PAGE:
A shared obsession with with the ocean was the unlikely impetus for a family trip to Monterey Bay Aquarium. Our children are now adults, are 23 and 26 years old – and they are still obsessed with the aquarium. In fact, we all are passionate about the aquarium.
Given all this, it should not come as a surprise when we took a family vote on where we should take a holiday getaway, the ballots came in nearly unanimous for the California coast from Carmel to Big Sur, with a long stop at the aquarium.
So we four; mom, dad and adult daughters, piled into our oldest daughter, JC’s SUV- the most spacious vehicle in the family- and drove to Carmel for two nights. For affordable Carmel, see the hotel recommendation at the end of the article.
The girls choreographed the music selections, thankfully avoiding techno or hard rock. I sat in the back seat so JC and Annalyse could be the digital navigator and research restaurants. She shared dinner menus with us, got a consensus and made evening reservations. I was relieved to relax and relinquish the responsibility of choosing restaurants.
First on our agenda was a visit the aquarium where we were as excited as on our first trip to Disneyland. Young or old, family or single, it’s an awesome place built for an inquiring mind.
For those of you who have yet to make it there, and even for those who have, now is the perfect time for a trip to beautiful Monterey for a peak into the lives of the exquisite underwater creatures at Monterey Bay Aquarium (some of us, ahem, have even been four times). . The fabulous exhibit, “Tentacles: The Astounding Lives of Octopuses, Squid and Cuttlefishes” features the greatest variety ever of rarely seen animals, plus multimedia interactives, tattoos and art tracing 4,000 years of fascination with these many-armed masters of disguise. features a diverse collection of cephalopods, from the Giant Pacific Octopus to the Flamboyant Cuttlefish and more.
An estimated 1.8 million inquisitive tourists visit the Monterey Aquarium every year. Over 110,000 school kids visited the Monterey Aquarium last year for free educational programs. For both kids and adults, the experience is addictive.
“Tentacles” is an amazing feat from a scientific perspective largely because these creatures have life expectancies measured in months, not years. Over the life of the exhibit, you can expect to see two dozen species rotating through the dozen living exhibits and even get a peak into the breeding program established by the Aquarium to keep the exhibit up and running.
“These are all short-lived animals. Many are species that have never been exhibited for very long by any of our colleagues, or raised through their entire lifecycle,” said Jennifer Dreyer, special exhibits coordinator for the animal care team. “This is definitely a first for any aquarium.”
The exhibit is designed for all ages with multimedia interactive exhibits that appeal to adults and children alike. One station uses a video camera and software to transform your face like the color-shifting squid, octopus and cuttlefish who use this skill to ambush prey, hide from predators and communicate with potential mates. You can share the videos or “cephalopod selfies” by email or social media channels with your friends!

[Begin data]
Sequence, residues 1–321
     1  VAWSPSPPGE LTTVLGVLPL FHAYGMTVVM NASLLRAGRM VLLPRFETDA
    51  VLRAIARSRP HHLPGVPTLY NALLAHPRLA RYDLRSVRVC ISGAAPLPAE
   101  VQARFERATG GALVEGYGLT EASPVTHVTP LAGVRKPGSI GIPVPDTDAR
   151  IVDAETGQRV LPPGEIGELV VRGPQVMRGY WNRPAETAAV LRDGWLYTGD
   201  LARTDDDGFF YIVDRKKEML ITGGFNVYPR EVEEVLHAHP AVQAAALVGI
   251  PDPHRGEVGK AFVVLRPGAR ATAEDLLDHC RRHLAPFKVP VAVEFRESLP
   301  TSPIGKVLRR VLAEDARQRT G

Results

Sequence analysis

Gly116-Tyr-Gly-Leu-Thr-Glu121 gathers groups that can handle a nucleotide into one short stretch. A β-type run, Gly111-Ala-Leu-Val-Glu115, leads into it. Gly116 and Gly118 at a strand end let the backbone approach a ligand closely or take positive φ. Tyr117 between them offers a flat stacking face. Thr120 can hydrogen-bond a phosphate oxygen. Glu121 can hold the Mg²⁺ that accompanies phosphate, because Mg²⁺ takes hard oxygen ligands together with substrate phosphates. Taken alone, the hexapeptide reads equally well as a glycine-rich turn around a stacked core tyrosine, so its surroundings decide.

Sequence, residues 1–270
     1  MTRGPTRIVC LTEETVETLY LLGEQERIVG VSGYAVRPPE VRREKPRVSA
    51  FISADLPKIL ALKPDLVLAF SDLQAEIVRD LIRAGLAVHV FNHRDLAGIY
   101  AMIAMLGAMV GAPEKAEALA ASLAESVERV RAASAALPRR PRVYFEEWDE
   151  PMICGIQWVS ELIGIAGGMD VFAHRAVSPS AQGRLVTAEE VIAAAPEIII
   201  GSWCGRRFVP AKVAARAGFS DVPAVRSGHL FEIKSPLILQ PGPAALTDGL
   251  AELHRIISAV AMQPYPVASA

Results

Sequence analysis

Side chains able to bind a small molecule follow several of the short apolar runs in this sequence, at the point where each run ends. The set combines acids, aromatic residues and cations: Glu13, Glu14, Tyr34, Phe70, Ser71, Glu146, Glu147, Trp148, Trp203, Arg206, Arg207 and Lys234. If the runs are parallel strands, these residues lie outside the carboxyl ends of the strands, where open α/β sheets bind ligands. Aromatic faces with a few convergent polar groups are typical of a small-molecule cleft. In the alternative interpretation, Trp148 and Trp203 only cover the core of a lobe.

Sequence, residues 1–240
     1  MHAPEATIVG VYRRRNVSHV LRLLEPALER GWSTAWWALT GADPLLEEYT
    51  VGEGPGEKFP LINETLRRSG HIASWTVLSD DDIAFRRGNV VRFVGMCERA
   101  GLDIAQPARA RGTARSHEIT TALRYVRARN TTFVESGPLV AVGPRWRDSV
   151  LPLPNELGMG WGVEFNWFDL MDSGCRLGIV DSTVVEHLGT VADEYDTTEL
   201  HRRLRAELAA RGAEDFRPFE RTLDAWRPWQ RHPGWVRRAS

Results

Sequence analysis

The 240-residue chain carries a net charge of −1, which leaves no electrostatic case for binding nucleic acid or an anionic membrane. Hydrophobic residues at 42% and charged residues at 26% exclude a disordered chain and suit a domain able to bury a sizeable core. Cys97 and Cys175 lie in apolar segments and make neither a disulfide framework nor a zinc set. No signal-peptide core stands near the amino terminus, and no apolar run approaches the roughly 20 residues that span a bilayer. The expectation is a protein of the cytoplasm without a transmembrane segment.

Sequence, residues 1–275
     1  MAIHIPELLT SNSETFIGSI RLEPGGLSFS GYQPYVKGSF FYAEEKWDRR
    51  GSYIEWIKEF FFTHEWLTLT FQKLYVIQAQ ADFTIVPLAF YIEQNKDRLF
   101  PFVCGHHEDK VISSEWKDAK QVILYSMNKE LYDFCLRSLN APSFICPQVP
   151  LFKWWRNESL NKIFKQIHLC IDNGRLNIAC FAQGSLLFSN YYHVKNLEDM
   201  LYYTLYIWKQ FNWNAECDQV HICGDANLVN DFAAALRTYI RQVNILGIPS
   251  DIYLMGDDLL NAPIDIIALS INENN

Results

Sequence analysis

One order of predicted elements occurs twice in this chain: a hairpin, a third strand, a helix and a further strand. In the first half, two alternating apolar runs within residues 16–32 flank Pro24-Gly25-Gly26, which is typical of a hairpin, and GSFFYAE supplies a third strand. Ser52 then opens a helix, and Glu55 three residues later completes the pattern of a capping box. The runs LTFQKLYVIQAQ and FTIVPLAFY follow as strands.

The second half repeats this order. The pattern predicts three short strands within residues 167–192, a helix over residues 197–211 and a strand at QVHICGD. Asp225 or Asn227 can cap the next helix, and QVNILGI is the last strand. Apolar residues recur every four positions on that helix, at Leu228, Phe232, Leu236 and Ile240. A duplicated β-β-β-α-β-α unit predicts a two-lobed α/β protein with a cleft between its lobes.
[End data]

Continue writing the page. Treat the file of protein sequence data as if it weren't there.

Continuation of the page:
Art is integrated into “Tentacles” with replicas of Minoan pottery and tiles from Pompeii and Herculaneum; Victorian-era scientific and literary illustrations; modern-day tentacle tattoos; and thee mechanical sculptures commissioned by the Monterey Bay Aquarium from Bay Area artist Nemo Gould, telling a story about conservation and the impact humans have on these creatures.
We love the otters and the jelly fish too.
Years ago, tiny three-year-old daughter Annalyse pressed her nose to the tank window and squealed with joy when the sea otters twisted upside and raced by her head. She felt a profound satisfaction, wearing her jelly fish tee-shirt, when the undulating orange jellies pulsated by the window offering her a seemingly private dance in a mysterious underwater world.
On this trip, as adults we witnessed more than most. “There is a lot of sex going on in here”, Kathy, the volunteer admitted when Annalyse and JC told her about their encounter in the penguin area. Two penguins were mating, before an inquisitive crowd, when Annalyse overheard a mom say to her nine-year-old daughter, “remember we talked about making babies. The penguins are making love,” she added.
This amazing exhibit is included in regular admission: $39.95 adult; $34.95 senior (over 65) and student (13–17 or with college ID); $24.95 child (3–12). Children under 3 are admitted free. Parking available in Cannery Row parking garage just three blocks away.
AFFORDABLE CARMEL Where to lay your head.
We stayed at the Vendage Inn in Carmel, a small property with 18 rooms and suites, free Continental breakfast with croissants and eggs, an outdoor fire pit, gardens, and weekend music on summer weekends. Each room has a different winery theme, bathrooms with Spanish marble and glass mosaic tiles, comfy beds with double memory foam and large High Definition TV’s. Rates begin at $100. www.vendagecarmel.com or 813-624-6400.